teradesa.com The Blue Mosque / Sultan Ahmed Mosque above has marble pillars and more than 200 stained glass windows of various designs that radiate light from outside. the name of the building is one of the most attractive tourist destinations for foreign tourists in the Land of a Thousand Mosques of Turkey. In addition to the beauty of the interior, the attraction of this building is also obtained from its historical value. Turkey does have a million charms. No wonder millions of tourists keep coming to this two-continent country. Yes, Turkey is in Europe, but its territory is very close to Asia. One of the stunning beauties in Turkey is the Sultan Ahmed Mosque.
People know it as the Blue Mosque. This magnificent mosque is a symbol of the glory of Islam through the Ottoman Empire of Turkey in the past. Sultan Ahmed Mosque (Turkish: Sultanahmet Camii) is a mosque in Istanbul, the largest city in Turkey and the capital of the Ottoman Empire (from 1453 to 1923).
The mosque was built by order of Sultan Ahmed I, he is buried in the courtyard of the mosque. The mosque is located in the oldest quarter of Istanbul, which before 1453 was the center of Constantinople, the capital of the Byzantine Empire. It is near the ancient site of the Hippodrome, as well as adjacent to what was once the Christian Church of Holy Wisdom (Hagia Sophia) which is now a converted museum.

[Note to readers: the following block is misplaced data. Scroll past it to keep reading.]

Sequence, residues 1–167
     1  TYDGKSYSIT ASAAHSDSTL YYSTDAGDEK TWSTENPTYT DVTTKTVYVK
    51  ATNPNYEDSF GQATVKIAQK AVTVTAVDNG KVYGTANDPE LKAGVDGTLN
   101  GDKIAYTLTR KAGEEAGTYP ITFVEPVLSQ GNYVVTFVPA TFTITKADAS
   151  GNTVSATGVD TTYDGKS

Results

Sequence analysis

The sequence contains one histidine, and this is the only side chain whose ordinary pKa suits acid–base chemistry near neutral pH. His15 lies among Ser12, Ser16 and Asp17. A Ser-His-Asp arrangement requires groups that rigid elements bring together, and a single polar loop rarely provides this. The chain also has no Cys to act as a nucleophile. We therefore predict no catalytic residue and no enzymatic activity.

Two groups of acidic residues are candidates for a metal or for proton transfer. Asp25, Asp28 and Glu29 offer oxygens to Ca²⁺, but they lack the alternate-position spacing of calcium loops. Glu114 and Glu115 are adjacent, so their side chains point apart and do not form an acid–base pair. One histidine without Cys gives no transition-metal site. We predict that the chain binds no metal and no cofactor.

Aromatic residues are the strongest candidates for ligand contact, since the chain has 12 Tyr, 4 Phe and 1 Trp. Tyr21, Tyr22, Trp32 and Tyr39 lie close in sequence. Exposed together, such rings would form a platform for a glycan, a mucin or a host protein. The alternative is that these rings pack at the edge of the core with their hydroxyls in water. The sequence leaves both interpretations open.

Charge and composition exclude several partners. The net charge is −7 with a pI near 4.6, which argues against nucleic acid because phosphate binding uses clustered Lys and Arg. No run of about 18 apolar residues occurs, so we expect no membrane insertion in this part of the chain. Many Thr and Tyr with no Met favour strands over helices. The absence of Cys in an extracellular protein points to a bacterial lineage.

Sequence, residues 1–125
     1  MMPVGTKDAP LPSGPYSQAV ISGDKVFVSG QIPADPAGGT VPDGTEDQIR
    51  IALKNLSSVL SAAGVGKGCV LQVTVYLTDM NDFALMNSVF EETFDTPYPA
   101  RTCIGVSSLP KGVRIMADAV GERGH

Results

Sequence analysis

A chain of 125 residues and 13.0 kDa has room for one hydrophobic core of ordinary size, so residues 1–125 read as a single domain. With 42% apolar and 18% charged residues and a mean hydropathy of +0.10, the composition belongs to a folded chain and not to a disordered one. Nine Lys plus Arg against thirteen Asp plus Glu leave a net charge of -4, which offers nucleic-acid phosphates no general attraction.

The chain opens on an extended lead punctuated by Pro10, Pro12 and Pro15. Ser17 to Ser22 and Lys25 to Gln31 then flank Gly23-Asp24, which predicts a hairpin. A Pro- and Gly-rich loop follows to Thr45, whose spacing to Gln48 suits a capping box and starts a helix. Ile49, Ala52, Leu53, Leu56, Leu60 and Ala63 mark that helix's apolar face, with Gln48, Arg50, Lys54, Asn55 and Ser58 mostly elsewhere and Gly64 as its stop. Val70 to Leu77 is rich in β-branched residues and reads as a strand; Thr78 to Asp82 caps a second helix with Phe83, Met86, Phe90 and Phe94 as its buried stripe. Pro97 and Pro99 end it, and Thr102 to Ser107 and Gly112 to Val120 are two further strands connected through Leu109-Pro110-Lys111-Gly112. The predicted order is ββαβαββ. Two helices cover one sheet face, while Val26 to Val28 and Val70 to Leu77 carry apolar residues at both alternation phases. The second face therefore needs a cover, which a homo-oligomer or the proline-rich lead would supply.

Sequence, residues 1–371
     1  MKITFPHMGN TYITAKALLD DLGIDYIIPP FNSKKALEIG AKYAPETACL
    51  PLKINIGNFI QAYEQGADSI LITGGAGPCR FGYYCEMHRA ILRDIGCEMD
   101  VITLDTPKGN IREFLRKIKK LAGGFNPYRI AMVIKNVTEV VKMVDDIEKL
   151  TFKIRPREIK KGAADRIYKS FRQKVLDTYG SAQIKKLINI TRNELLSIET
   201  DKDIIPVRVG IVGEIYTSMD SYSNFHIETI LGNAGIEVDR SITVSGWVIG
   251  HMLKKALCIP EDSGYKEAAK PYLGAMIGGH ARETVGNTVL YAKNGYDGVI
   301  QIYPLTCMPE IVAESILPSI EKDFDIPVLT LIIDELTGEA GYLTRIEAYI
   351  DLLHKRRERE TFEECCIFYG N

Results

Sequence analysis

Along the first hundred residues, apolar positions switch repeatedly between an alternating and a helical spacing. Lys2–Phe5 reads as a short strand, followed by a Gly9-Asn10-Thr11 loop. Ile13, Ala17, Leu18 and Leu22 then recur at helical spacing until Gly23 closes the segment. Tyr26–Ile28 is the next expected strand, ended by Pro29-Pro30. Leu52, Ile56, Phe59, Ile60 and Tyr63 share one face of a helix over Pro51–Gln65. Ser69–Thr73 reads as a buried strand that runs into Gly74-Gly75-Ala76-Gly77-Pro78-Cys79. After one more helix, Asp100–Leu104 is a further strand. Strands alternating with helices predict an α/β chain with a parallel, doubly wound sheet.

It is located in the city of Istanbul near the shores of the Marmara Sea. The largest city in Turkey and the capital of the Ottoman Empire (from 1453 to 1923). It is known as the Blue Mosque because in the past the interior was indeed blue. However, the blue paint was not part of the original decoration of the mosque, so it was removed. The color of the dome does not appear blue from a distance, but the bluish color will be visible up close.
The beauty of the Marmara Sea will be seen while in this mosque. Especially when the sky starts to dusk. Because of its beauty, this mosque has become a mascot or characteristic of the city of Istanbul. The Blue Mosque is currently the largest mosque in Turkey. It is quite close to Topkapı Palace, the residence of the Ottoman Sultans until 1853 and not far from the Bosporus coast. Viewed from the sea, its dome and minaret dominate the skyline of Istanbul.
History of Blue Mosque Blue Mosque of Turkey
The Blue Mosque was built between 1609 and 1616 by order of Sultan Ahmed I, after whom the mosque is named. He mandated an architect named Sedefhar Mehmet Aga to build the mosque. Sedefhar was also asked by the Sultan to spare no expense in the construction of this large and beautiful Muslim place of worship. The basic structure is almost a cube, measuring 53 by 51 meters. As in all mosques, it is oriented so that the praying person faces Makkah, with the mihrab in front.
Sedefhar Mehmet Aga himself was a student and assistant of the famous architect Mimar Sinan. According to information, Sultan Ahmed I wanted the minaret to be made of gold. The word for gold in Turkish is ‘Altin’. But the architect understood it as ‘Alti’, which in Turkish means 6. So it became a mosque that has 6 minarets. But even Sultan Ahmed was amazed by the six unique minarets. The construction of this mosque took 7 years or was completed in 1616. Reportedly, due to the same number of minarets as the Grand Mosque in Makkah at that time, Sultan Ahmed I was sharply criticized so that he finally donated the cost of making the seventh tower for the Grand Mosque.